First published on Christian Converser
The big news in the USA in the last few weeks has been the possibility of the conservative-dominated Supreme Court repealing current federal abortion law (Roe v Wade). This is far from an open-and-shut case for theologians, despite the widespread support for this direction from conservative evangelicals in the US and worldwide. That’s because the USA in general, as noted in previous blog posts, has its own distinct form of theology compared to most other Western countries and that form can be clearly seen to be inevitably pointing away from democracy and inexorably towards theocracy, the idea that America should be ruled by a Christian government. To achieve a credible form of democracy in any country, it must be the case that political neutrality in all arms of the Government is cherished and protected at all costs. That is certainly not the case in the modern USA, and whether it was ever the case, or intended to be as such by the creators of the US Constitutional and political system, is the subject of heated and ongoing debate in society worldwide. The US Supreme Court in order to reach this point of repealing the law of the past 50 years, relies heavily on the appointment of conservative justices known to favour this repeal, thus implicitly endorsing political bias in the judiciary that would never be accepted in other bastions of Western democracy, like the UK, or even in NZ.
This can be taken as being a relevant example regardless of one’s personal perspective on the abortion issue. Another example of where conservative political bias is becoming blatantly entrenched is in the response to ongoing racial issues in US society. The conservative campaign against critical race theory is permeating into all levels of public institutions and leaving massive disharmony and creating more harm and division that it purports to solve. There is an obvious political benefit to conservatives who choose to sideline racial reconciliation in US society and this has in the past included Christians who believed strongly in and endorsed segregation in the Southern States as recently as the 1960s. It’s unlikely that conservatives will stop flexing their newfound political muscle in the nation’s highest court or their ability in Republican-led states to influence and control voting processes in their favour – Trump’s campaign to try to overturn the 2020 presidential election results has had the outcome of resulting in more stringent electoral processes in key conservative states, making it ever more difficult to ensure free and fair elections to the various offices of Federal government, and the right-leaning in the Supreme Court helps to ensure that such measures go unchecked.
It is well and truly time for Christians in the United States and elsewhere to stop and take a hard look at why they are so keen for a theocratic form of government to be brought in to lead the so-called free world. Dominionism, a theogical viewpoint which has been explored in this blog on numerous previous occasions, is very much a distinctive of conservatism evangelicalism in America but like other questionable doctrines, it enjoys little weight outside the country. The oft-cited reason why dominionism and theocratic government are held to be an important goal for conservative US Christians is that with the institution of faith under constant and ever growing attack from secularism, this is supposedly the appropriate response to protect this faith and the institution of Christianity in general. However, there is clear evidence that following such a path of governance of the American nation’s affairs will not have a positive impact on the growth of the church in general. This is because clear evidence from academic studies supports what missionaries have long known: that churches grow under persecution. Hence, establishing America under theocratic governance is not going to be beneficial to the furthering of church objectives in evangelism in the United States. When a church becomes part of the political establishment and gains a monopoly dominance over other churches and religions, it becomes flabby and stagnant, and experiences long-term decline.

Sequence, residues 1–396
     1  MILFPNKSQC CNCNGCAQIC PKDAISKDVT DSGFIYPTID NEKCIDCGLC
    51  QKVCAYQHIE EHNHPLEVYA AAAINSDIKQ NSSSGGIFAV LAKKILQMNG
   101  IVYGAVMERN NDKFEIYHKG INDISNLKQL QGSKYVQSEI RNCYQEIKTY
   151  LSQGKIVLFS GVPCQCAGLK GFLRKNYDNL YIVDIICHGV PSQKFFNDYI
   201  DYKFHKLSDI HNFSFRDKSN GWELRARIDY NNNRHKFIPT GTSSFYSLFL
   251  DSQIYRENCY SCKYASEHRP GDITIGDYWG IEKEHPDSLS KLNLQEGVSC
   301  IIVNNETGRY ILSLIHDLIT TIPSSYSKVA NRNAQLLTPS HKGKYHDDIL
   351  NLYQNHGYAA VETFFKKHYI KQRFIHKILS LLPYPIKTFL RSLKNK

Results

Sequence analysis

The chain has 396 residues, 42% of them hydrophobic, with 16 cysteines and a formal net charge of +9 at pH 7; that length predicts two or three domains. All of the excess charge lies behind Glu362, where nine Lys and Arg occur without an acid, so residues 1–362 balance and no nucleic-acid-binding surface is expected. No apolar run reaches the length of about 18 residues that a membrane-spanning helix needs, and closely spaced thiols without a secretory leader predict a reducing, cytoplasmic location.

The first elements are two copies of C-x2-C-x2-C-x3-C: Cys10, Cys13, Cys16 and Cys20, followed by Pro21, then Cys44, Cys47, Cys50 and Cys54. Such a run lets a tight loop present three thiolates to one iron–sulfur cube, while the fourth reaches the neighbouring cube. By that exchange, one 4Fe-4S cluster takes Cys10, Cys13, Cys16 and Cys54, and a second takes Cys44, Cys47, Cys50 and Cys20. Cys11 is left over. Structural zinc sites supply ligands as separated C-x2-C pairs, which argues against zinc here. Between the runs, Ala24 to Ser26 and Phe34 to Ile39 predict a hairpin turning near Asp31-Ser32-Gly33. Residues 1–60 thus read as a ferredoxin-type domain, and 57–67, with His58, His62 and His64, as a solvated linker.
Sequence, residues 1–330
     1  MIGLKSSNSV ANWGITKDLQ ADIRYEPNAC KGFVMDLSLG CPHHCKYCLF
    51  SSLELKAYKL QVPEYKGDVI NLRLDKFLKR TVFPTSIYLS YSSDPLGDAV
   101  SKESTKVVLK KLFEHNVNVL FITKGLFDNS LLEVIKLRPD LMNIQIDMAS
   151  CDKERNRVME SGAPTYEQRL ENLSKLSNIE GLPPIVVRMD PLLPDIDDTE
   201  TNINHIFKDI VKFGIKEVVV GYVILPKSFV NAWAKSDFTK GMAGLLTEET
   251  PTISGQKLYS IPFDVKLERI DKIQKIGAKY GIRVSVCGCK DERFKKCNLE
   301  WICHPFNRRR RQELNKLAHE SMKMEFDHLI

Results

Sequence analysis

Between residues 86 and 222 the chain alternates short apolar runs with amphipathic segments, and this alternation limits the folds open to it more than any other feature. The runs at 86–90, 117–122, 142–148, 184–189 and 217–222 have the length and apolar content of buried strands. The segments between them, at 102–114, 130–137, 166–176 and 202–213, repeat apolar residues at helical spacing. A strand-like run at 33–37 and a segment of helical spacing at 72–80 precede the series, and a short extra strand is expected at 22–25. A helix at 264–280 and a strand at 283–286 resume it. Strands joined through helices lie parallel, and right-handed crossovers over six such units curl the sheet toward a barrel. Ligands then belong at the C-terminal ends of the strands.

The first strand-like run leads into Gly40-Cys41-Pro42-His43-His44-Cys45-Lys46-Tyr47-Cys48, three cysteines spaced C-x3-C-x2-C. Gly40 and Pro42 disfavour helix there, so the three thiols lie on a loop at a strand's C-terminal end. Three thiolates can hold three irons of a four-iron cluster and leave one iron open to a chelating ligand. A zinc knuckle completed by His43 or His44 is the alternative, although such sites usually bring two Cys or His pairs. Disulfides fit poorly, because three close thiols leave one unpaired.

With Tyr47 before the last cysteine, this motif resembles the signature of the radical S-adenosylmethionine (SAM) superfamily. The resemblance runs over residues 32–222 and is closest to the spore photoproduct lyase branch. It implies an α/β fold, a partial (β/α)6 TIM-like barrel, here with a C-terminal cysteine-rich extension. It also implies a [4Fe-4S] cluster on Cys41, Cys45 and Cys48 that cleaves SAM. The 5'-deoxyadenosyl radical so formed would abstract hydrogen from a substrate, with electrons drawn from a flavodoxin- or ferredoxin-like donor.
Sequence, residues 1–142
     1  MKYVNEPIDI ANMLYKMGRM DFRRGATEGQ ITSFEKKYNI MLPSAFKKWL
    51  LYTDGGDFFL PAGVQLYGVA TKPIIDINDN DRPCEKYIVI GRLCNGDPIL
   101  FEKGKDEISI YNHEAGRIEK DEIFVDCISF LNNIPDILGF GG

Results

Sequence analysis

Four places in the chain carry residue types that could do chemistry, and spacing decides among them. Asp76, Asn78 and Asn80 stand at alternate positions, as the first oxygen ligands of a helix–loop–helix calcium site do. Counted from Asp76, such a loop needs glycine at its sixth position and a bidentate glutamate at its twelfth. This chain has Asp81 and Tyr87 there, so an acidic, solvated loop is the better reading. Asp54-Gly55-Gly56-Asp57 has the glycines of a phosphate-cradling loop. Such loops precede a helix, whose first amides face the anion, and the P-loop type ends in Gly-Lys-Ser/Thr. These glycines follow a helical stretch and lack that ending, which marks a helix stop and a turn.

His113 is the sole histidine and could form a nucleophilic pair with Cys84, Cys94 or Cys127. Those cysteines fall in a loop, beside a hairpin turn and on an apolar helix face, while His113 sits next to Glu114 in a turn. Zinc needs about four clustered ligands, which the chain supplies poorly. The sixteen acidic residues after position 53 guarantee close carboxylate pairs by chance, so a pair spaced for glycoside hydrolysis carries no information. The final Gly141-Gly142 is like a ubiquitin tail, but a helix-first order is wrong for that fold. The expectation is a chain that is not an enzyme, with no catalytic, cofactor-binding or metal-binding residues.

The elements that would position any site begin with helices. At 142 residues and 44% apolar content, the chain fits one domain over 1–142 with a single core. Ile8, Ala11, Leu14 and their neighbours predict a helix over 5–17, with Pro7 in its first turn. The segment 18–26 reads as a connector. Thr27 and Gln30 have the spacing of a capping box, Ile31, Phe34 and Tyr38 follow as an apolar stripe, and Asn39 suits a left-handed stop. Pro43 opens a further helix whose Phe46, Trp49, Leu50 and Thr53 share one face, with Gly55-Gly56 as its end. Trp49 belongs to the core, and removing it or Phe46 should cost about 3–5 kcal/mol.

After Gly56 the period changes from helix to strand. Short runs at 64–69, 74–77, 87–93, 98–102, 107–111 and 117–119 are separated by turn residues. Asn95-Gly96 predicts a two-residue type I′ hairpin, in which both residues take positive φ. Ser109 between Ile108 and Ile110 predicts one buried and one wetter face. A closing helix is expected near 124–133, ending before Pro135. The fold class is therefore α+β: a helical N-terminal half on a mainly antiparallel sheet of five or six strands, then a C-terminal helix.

The direction of theocracy in which US conservative evangelicals have leaned for many years is just a repeat of the earlier experience in Church history in previous millennia elsewhere in the world (most in Europe, where the Roman Catholic Church became a state religion. But in the modern era, the RCC has enjoyed a distinct declining membership trend, undoubtedly due to its conservative theological stances in a number of questionable areas. The assumption that theocracy and dominionism are important and necessary goals for the Church in America to pursue is highly questionable for reasons outlined above, and is, in fact, a component of patriotic pride about America’s place in the world including the assumption that the nation is born to lead. Ultimately, however, this misplaced position will simply lead the US to repeat the mistakes of its predecessors.